Faced with growing account balances, 401(k) plan participants are increasingly demanding more help making retirement plan decisions, according to several industry experts.

According to The Spectrem Group, a research company based in San Francisco, the average 401(k) account balance has grown to nearly $35,000, double what it was in 1990. And that has plan participants all over the country -- there are 30 million of them today -- clamoring for some form of help short of advice.

"With this much at stake, participants are seriously examining their choices," said Jeffrey Close of Spectrem. "It's certainly a confusing time for novice investors."

Close's remarks were made during a panel discussion last week on trends in the retirement industry presented to registered investment advisers and other financial professionals and sponsored by the Fidelity Advisor Institute. The meeting was broadcast live via satellite to 50 sites across the country.

Defined contribution participants are seeking more help to make decisions regarding their retirement savings also because there are more choices than ever before and more access to account information.

Sixty-three percent of plan sponsors are able to offer multiple fund families in their 401(k) plans, according to Spectrem. That, of course, makes it more difficult for participants to make choices.

Also, 59 percent of the large company sponsors offered employees daily valuation of their 401(k) plans. Internet access is also on the rise, meaning participants are receiving more information to assess. Close also notes that investing has become "an American pastime."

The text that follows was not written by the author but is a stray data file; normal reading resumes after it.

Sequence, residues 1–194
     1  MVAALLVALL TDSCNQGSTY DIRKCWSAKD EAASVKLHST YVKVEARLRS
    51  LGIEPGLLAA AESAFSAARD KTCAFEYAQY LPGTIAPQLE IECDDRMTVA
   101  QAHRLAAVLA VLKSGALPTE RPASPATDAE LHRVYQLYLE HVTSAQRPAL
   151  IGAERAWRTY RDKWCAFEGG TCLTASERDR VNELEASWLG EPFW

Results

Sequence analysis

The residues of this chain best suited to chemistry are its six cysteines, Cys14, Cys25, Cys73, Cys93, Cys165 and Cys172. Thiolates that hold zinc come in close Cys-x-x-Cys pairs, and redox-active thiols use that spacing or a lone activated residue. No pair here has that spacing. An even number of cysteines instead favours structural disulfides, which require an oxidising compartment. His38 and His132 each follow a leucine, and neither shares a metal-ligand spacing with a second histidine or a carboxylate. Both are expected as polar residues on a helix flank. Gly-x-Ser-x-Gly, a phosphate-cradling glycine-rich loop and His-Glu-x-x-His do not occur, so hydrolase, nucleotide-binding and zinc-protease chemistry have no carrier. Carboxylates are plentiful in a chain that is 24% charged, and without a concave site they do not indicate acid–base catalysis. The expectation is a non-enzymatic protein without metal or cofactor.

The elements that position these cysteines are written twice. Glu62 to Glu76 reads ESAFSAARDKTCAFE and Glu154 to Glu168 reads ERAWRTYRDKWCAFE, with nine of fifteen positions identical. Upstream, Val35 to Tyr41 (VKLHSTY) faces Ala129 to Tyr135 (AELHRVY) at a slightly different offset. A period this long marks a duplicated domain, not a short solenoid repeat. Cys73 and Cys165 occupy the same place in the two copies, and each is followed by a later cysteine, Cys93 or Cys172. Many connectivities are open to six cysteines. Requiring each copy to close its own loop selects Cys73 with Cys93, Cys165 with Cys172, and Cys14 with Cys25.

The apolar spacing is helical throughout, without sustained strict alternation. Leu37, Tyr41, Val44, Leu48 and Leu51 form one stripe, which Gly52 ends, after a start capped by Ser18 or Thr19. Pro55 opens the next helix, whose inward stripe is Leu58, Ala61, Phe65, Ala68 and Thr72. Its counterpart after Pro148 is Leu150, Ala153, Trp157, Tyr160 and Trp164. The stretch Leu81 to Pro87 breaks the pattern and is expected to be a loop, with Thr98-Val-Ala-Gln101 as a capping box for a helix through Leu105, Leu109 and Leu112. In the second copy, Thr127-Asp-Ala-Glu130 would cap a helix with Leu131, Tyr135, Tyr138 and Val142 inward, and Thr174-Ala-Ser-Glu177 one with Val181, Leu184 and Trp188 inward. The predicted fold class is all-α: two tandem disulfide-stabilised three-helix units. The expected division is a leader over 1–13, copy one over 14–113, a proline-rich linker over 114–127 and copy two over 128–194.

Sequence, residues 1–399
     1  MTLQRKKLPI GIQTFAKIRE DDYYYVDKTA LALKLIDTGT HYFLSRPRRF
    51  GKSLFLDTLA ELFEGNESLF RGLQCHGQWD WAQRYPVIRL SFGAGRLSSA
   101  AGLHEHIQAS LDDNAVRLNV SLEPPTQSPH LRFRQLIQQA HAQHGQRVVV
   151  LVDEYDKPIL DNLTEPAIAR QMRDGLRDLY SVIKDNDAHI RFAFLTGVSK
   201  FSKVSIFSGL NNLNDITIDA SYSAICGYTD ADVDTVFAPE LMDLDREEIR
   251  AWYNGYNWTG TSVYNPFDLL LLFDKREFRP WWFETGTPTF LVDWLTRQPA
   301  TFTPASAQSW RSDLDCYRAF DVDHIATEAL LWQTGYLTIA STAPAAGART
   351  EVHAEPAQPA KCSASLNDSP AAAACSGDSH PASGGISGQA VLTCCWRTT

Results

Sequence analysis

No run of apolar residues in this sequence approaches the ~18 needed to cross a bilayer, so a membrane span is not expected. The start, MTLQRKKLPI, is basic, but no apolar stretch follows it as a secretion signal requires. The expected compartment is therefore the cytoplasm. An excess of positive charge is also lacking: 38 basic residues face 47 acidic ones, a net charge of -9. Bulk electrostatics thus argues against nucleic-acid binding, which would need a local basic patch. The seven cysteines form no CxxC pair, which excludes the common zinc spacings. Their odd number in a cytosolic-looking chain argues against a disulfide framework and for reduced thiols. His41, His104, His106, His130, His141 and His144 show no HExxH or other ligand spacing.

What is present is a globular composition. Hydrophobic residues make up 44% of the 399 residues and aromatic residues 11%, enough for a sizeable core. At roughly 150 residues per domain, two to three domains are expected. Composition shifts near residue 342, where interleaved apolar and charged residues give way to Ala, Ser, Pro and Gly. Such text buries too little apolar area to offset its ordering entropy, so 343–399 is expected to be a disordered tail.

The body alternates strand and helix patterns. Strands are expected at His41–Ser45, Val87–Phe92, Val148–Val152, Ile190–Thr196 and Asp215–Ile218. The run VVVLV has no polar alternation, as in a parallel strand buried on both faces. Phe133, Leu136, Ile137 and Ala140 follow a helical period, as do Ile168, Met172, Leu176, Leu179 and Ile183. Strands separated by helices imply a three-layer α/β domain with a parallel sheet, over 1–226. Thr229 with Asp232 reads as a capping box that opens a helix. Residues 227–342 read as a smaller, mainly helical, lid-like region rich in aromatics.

However, Close says, the Spectrem Group has found that daily valuation does not cause participants to panic when the market is volatile, as it is now.

"People as a whole do not make many changes to their 401(k) plans," Close said.

Close says participants are looking for more seminars and workshops or allocation tools which can help them make sound decisions about their retirement. That means those who assemble plans for plan sponsors, have to provide as much of these aids as possible to them.

"We need to give them the tools to make the decisions they have to make," Close said.

Some plan sponsors face communication problems of an entirely different nature. The Kraematon Group, a financial planning services company in Wellesley, Mass., that sells 401(k) plans, works with many plan sponsors in California that have Spanish-speaking employees, said Richard Sotell of The Kraematon Group, who was on the Fidelity Institute panel. Not only is language a barrier to effective communication about retirement plans, but also culture.

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